with video (09:19)
Upfront disclosure—I'm supporting Barack. I'm familiar with a variety of things the campaign does online, but I was particularly interested in a nine-minute video featuring Iraq veterans from New Hampshire.
The video, "New Hampshire at War," starts with Will Dumukes, an Air Force Sergeant from Newbury, New Hampshire, who talks about his service in Afganistan in the aftermath of 9/11, the success of missions against terrorism there, and then the shift to Iraq. Senator Obama appears about a minute into the video for about 20 seconds, but the bulk of the first seven minutes focuses squarely on New Hampshire military people, who talk about the problems with shifting from Afghanistan to Iraq, as they lived and experienced it. The last two minutes focus on Senator Obama's opposition to the Iraq War, with testimony from the New Hampshire military members about their confidence in Senator Obama's judgment.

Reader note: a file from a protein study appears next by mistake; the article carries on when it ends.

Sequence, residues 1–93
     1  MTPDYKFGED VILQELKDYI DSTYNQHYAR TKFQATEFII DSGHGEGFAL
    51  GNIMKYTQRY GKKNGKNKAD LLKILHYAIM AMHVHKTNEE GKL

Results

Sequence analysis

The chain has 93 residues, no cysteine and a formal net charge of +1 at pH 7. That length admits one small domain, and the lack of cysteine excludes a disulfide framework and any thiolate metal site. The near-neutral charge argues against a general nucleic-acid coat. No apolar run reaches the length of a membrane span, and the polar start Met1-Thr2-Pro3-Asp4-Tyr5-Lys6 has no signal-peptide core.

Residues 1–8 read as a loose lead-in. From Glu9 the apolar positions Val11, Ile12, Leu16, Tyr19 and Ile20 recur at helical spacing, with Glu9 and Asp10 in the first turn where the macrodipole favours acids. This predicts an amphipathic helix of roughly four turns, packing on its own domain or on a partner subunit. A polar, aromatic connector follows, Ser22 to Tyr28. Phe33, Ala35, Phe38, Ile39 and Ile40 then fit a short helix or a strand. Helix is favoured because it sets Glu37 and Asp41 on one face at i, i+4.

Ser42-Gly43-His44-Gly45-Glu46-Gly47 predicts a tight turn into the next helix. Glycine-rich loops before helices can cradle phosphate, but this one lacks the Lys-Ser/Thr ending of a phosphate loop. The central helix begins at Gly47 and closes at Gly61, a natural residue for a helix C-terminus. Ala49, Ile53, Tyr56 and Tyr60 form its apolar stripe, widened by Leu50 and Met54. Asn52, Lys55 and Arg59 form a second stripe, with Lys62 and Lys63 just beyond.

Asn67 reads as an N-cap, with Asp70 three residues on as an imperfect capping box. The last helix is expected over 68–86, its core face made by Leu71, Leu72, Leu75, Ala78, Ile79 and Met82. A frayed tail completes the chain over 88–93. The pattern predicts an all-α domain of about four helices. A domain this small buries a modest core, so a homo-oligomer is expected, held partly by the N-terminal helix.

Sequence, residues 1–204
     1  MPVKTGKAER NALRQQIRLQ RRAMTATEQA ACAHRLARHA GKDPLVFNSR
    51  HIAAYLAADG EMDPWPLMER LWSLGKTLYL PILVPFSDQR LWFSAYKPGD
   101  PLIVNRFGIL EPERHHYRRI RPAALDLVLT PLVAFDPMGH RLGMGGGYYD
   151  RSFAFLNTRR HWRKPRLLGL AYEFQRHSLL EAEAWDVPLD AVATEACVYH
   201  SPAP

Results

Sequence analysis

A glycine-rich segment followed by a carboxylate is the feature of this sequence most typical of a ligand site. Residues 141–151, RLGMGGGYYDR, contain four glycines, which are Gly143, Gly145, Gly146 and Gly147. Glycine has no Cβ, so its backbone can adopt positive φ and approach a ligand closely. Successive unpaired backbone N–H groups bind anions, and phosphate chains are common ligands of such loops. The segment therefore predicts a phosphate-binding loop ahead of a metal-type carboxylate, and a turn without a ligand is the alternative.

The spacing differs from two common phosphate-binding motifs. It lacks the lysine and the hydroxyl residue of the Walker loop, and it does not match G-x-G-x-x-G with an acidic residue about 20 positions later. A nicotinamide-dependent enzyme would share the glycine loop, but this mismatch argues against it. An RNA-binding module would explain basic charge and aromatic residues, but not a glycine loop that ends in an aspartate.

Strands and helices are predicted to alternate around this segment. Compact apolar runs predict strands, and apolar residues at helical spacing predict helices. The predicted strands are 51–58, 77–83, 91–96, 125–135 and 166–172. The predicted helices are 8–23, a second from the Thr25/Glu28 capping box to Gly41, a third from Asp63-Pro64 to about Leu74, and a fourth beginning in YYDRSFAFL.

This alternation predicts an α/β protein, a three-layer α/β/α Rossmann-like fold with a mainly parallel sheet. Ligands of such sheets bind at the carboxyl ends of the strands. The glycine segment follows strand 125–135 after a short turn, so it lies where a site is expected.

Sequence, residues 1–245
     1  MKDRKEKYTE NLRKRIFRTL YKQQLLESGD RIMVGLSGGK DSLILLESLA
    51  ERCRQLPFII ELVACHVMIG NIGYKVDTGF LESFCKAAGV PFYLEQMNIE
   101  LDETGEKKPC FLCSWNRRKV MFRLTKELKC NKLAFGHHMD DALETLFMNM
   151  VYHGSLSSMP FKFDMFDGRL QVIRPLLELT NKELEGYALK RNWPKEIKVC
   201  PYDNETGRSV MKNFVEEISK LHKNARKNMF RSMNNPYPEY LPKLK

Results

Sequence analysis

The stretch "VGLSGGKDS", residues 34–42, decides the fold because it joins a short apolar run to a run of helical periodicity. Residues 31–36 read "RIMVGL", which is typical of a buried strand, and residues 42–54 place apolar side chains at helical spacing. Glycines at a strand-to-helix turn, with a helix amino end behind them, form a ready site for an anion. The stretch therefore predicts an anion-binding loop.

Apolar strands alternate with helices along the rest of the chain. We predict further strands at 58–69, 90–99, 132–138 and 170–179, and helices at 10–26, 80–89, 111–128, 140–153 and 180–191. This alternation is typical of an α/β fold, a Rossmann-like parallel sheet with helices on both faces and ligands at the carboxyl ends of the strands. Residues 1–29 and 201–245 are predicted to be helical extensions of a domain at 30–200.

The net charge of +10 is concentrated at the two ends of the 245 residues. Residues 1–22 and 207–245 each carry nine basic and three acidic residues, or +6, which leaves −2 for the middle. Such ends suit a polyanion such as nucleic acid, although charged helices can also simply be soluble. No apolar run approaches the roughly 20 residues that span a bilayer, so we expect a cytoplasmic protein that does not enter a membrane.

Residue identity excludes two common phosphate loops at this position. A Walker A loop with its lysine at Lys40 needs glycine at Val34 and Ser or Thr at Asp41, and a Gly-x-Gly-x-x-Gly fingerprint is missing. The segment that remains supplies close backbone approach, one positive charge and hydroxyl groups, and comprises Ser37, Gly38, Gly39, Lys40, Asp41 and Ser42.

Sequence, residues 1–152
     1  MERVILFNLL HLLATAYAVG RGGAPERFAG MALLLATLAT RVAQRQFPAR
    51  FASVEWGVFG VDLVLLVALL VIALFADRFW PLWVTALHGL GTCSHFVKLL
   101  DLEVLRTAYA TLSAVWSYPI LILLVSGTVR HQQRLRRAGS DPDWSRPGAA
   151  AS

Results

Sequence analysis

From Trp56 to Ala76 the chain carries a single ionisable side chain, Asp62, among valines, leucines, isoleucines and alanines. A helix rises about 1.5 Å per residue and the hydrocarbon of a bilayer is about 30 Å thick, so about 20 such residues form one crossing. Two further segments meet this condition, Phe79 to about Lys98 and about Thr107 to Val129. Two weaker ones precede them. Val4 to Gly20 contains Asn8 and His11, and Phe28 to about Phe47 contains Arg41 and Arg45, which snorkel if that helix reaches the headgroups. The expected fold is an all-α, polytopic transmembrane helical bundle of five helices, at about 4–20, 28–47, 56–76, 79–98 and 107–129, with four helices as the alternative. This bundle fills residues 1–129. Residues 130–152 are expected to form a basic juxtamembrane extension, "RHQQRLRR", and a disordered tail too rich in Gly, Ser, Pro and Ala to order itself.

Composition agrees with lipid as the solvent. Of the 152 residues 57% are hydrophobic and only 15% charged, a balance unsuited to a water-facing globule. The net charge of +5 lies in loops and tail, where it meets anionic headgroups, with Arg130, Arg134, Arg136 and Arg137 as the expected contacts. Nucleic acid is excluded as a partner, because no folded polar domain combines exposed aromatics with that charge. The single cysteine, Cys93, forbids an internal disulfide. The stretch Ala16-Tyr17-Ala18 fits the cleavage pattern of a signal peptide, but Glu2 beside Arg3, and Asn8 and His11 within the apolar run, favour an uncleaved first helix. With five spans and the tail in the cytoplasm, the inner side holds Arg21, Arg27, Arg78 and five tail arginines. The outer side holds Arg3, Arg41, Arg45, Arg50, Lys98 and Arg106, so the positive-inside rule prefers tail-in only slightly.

We talk a lot about how new tools empower individuals like Phil de Vellis to create and distribute videos that have a national impact, like the 1984 video. Perhaps a more subtle but significant phenomenon is illustrated by the Obama "New Hampshire at War" video: new tools enable local arms of campaigns to grapple with important issues in a very local way at minimal expense. The video looks professional, but was created by local campaign staffers. This video is the latest in a series of videos created by New Hampshire staff featuring local voters.
Increasingly, new tools are empowering local "amateur" campaign staffers to produce and distribute quality, local content centered on real people.
Labels: barack obama, iraq war